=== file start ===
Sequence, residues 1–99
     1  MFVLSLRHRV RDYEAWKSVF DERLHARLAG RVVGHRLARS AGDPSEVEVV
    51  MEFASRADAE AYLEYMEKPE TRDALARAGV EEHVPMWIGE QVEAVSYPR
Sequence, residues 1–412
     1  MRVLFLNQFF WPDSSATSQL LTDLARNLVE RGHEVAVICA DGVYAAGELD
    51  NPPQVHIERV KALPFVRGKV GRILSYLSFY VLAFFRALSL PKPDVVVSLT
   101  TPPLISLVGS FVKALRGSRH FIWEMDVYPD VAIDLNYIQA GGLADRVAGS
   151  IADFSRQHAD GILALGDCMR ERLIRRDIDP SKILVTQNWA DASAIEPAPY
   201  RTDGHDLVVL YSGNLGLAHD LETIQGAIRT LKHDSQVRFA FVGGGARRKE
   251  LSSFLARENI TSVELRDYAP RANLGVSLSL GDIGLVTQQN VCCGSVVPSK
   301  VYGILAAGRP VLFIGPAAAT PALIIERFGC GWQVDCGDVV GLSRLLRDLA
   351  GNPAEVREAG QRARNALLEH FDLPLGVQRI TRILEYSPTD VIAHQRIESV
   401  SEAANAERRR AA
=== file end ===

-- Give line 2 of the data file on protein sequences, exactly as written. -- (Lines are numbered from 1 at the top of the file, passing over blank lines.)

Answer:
     1  MFVLSLRHRV RDYEAWKSVF DERLHARLAG RVVGHRLARS AGDPSEVEVV